Finish year

Understanding the Potential for Resistance: A Special Interview with HSIEH Hsin-chih and CHEN Chih-an, the directors of A Fight to the Death

  • Taiwan Competition

Your motivation for filming A Fight to the Death was…?

HSIEH: A producer from Hakka TV mentioned to us that there was an old man in Hsinchu who has been protesting against the expropriation of land for more than 30 years. We were very curious as to why his fury has lasted for so long. Later on, we found out that Baoshan Reservoir was built on top of the expropriated land to serve Hsinchu Science Park. Such an economic achievement of gigantic proportions was shockingly built on the exploitation of a few people. We were puzzled and wanted to understand what it was that caused him to be so angry, and this was the idea behind A Fight to the Death.

CHEN: The key to picking a good topic for a documentary is to look for events and people that have a high level of contrast in and of themselves. What was unique about this assignment was the land expropriation for Hsinchu Science Park. Behind the glitz and glamor, high stock prices and multi-million dollar annual incomes of the engineers, there was actually a group of people who had to pay the price. This was the key decision-making moment for me. I felt that it was a good subject that should continue to receive attention.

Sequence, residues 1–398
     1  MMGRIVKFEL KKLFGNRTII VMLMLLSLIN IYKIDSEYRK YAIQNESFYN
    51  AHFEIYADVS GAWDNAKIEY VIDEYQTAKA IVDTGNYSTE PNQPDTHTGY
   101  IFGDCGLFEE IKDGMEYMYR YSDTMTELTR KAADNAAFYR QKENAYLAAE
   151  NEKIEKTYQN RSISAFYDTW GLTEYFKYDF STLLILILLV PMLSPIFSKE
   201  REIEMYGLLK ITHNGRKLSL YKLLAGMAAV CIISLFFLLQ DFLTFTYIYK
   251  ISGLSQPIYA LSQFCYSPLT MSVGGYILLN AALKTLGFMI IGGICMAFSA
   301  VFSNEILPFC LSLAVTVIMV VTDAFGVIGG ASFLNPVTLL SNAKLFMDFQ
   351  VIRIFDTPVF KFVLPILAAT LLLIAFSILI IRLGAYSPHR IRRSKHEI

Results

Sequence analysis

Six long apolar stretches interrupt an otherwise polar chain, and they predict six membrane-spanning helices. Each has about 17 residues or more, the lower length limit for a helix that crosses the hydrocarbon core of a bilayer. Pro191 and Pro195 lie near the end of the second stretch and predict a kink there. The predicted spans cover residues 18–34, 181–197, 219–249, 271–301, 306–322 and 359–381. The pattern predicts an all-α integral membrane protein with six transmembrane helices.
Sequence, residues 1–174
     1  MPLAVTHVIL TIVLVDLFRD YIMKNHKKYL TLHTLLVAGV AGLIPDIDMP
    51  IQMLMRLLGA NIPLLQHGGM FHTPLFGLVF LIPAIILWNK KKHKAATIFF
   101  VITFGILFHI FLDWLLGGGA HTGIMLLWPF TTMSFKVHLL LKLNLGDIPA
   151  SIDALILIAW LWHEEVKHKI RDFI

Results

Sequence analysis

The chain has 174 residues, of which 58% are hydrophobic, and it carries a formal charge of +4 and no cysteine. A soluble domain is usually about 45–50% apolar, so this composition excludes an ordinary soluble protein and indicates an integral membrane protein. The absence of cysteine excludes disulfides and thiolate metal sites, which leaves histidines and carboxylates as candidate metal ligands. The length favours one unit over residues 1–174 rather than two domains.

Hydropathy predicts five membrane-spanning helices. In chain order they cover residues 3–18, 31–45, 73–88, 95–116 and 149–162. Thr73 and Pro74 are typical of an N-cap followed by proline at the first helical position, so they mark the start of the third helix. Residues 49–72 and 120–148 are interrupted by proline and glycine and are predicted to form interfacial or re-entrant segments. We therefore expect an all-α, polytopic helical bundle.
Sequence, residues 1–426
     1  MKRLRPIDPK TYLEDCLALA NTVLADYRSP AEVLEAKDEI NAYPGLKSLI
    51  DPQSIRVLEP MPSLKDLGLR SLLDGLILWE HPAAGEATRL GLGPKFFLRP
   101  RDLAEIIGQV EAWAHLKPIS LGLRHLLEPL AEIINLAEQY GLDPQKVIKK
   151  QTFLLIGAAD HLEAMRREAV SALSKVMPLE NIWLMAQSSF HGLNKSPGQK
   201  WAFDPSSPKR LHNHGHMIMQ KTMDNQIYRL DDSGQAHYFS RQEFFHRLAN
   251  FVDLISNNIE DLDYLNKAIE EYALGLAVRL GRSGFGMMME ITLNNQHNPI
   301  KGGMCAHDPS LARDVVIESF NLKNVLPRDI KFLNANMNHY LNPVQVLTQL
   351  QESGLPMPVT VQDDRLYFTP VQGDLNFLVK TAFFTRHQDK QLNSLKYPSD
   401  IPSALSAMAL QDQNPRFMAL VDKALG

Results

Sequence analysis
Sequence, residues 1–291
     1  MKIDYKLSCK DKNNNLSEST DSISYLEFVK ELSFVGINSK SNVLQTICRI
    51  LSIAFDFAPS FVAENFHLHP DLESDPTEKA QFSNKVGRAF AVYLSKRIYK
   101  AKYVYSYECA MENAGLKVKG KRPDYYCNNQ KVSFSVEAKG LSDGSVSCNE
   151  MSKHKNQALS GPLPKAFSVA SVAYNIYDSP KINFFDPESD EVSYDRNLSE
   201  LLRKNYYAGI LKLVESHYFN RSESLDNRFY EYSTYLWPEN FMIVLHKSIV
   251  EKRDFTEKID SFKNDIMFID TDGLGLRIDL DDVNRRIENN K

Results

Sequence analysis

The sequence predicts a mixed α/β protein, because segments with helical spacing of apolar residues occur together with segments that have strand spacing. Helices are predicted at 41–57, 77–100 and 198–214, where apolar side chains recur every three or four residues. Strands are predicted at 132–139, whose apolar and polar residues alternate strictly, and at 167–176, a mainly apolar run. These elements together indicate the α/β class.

How long did production take? How did you sort out the story elements and decide how it would be presented?

HSIEH: All in all, it took us about a year and a half. Research during the early stages took around three months, and after filming for a year, we spent another three months or so on editing. In the process, we uncovered a lot of information from documents and videos, and gradually, we started to get a better understanding of the issue.

CHEN: Honestly, Ching-chih Lin rambled a lot and included a lot of unrelated details and events when he spoke because he was too angry to coherently explain to us what actually happened. The viewers might assume that it was only natural that the story flowed smoothly, but we put in a lot of effort to look at this issue from different perspectives and put the scenes in the order in which they actually happened. At the same time, we had to verify everything that LIN Ching-chih had said. We even interviewed the current and previous county magistrates, as well as the management of Baoshan Reservoir.